For most business owners an eviction notice wouldn’t be cause for celebration. But Doug Melanson, co-owner of the gay bar and diner Mollyz/Menz in Halifax, sees his as just that.
“There’s a silver lining in every cloud, as they say, and this is our silver lining,” he says.
Mollyz (the diner) and Menz (the bar) have been operating in their current location on Gottingen St since early 2005. In late October, Melanson and business partner David Landry were handed a notice from their building’s new owner, Mickey MacDonald, informing them that Mollyz/Menz will have to move out by Jan 25, 2008. Melanson says MacDonald plans to tear down the building that houses part of Mollyz to put in a parking lot.
Luckily, Melanson and Landry have already found a new home for their business, just three doors down on the opposite side of the street. Melanson says that the new location is a chance “to produce something new and exciting here in Halifax for the gay community.”
He says when Menz reopens in the new spot in January it will be larger and funkier, with an industrial vibe. Mollyz, the diner, will have a retooled menu and “a new look and new feel.”
“[The relocation will] definitely have a positive impact…. It’s going to bring us to the next level,” says Melanson.
Kevin Kindred, chair of the Nova Scotia Rainbow Action Project, says that Mollyz/Menz is an important part of the Halifax queer scene and is glad to see that it will reopen.
“Mollyz and Menz Bar has evolved into sort of a cornerstone of the gay scene here in Halifax and it would be sad to see any change happening,” says Kindred, “though sometimes change is good and I look forward to seeing Doug’s plans for the future.”
While Melanson is excited about the move, he says the process has been “frustrating a bit nerve-wracking.” He and Landry had been negotiating an expansion of Mollyz/Menz into the adjacent building before a fire damaged their current location in July. According to Melanson, Mollyz/Menz was then renovated to the tune of more than $55,000, which was paid for out of their insurance.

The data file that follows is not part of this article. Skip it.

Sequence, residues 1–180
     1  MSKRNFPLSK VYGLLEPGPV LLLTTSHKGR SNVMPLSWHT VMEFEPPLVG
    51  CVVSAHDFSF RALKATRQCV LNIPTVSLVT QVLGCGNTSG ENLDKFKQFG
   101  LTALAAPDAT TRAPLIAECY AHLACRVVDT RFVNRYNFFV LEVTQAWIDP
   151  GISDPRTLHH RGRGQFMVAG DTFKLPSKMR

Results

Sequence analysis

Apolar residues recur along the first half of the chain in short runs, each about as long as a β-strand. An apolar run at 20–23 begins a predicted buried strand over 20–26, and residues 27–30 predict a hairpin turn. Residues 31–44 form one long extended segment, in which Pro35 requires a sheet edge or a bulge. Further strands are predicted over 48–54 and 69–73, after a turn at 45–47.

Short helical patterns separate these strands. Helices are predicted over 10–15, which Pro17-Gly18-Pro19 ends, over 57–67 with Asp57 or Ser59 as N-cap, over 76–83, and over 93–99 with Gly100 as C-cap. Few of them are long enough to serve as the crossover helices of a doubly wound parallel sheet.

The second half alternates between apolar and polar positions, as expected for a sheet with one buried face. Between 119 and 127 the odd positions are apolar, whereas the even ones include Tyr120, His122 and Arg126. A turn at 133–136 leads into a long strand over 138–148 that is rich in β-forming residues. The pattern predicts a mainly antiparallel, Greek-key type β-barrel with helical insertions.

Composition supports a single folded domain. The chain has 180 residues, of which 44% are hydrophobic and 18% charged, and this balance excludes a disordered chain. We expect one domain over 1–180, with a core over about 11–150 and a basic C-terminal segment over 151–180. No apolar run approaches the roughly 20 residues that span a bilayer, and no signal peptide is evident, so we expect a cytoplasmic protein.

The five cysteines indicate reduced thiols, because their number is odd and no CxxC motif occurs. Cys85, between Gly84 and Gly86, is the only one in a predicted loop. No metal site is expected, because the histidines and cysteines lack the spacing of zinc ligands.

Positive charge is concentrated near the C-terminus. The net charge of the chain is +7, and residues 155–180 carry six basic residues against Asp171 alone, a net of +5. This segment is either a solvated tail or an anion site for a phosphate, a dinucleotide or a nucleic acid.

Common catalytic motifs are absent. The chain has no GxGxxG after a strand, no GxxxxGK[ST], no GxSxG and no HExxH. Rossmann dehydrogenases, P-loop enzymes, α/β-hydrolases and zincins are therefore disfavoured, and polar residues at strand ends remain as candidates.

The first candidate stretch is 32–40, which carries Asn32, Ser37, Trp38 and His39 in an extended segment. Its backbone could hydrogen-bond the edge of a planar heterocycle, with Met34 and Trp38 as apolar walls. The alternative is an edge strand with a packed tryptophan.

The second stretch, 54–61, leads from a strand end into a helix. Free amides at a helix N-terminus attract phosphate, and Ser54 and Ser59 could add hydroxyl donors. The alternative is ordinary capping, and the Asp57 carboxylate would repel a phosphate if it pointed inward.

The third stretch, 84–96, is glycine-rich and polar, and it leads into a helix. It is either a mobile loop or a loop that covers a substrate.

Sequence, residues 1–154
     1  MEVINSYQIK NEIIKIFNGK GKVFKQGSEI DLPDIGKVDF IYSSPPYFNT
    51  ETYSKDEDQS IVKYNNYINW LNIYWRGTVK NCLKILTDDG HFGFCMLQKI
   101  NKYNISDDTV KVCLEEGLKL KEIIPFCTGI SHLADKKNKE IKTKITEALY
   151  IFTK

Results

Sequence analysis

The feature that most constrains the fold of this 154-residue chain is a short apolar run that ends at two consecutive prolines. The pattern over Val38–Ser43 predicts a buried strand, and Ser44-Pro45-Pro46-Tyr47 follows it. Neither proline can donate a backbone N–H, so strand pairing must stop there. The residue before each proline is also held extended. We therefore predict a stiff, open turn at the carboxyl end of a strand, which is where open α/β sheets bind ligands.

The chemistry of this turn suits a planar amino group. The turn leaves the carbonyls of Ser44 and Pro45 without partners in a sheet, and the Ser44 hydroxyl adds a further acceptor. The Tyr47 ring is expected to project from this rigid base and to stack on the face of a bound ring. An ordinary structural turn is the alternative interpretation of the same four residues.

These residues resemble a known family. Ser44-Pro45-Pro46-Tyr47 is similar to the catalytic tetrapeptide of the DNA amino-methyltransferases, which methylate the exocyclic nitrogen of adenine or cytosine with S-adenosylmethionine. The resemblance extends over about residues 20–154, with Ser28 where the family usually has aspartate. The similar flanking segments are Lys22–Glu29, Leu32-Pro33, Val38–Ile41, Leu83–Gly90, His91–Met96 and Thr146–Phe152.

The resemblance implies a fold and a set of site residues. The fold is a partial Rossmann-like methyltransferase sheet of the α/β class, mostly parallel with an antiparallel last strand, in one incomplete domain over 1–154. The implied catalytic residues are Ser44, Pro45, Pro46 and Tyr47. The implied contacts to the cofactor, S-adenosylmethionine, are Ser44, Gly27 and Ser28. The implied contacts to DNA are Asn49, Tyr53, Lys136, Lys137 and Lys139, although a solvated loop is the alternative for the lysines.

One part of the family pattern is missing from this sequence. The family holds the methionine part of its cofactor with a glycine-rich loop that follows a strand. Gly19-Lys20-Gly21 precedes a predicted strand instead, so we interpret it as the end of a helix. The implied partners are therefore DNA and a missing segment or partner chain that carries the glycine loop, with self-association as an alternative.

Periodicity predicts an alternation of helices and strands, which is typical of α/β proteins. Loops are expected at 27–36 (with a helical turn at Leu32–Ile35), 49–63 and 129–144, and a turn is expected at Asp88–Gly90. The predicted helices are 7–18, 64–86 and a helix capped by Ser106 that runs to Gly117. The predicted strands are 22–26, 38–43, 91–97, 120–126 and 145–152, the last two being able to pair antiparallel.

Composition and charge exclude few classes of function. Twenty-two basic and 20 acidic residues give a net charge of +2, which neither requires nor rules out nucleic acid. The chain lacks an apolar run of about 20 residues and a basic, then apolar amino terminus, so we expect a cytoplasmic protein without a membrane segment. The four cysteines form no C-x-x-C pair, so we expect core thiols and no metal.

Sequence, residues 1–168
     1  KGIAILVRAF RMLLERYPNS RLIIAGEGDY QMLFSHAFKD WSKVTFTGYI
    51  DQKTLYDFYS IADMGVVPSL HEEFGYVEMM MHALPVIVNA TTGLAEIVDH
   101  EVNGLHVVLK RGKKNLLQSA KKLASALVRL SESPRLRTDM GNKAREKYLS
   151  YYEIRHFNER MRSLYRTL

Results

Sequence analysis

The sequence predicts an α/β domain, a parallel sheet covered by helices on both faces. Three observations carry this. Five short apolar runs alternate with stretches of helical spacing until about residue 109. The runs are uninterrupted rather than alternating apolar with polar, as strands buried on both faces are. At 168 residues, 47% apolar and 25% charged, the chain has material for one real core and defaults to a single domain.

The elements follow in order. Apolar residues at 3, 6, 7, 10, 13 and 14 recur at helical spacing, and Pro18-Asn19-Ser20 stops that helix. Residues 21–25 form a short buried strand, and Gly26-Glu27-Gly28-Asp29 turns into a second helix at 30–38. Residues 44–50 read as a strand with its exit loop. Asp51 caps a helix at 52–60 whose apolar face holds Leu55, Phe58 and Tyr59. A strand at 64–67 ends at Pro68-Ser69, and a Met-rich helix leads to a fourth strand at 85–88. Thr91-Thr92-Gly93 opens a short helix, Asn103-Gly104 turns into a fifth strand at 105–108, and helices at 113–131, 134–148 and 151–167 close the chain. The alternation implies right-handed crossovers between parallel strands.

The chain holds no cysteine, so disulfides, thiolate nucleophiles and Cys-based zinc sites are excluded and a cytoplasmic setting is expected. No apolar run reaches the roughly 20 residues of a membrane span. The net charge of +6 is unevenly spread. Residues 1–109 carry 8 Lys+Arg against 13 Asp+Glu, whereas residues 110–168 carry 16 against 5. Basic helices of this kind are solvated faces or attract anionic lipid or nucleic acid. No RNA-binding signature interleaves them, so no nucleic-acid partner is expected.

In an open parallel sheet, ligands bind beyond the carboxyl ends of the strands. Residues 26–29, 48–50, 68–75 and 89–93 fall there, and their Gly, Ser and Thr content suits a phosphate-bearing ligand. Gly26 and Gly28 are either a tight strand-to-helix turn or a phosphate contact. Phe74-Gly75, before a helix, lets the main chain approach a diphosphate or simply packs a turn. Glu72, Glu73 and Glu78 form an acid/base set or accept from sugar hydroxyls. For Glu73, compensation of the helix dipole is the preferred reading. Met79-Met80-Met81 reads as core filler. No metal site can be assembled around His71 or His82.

Melanson also says that he was under the impression that he would have the first option to purchase the building, but that Panagos instead sold it to MacDonald in a deal that closed just before they received their notice. “After us spending three years renovating his building and improving it and then him turning around and selling it out from under us was pretty underhanded,” says Melanson.
Panagos sees it differently. He says that Melanson and Landry were given the option to purchase the building but passed on the offer, leading him to sell to MacDonald, who had already purchased the building next door for use as a boxing club.
In addition to the chance to expand and reimagine the bar, Melanson says there’s another unforeseen benefit of the real estate shuffle.
“We’re going to have a great view of all the musclemen and the boxers coming out of the new boxing club,” he says. “We’re going to take full advantage of the view of all the hunky men.”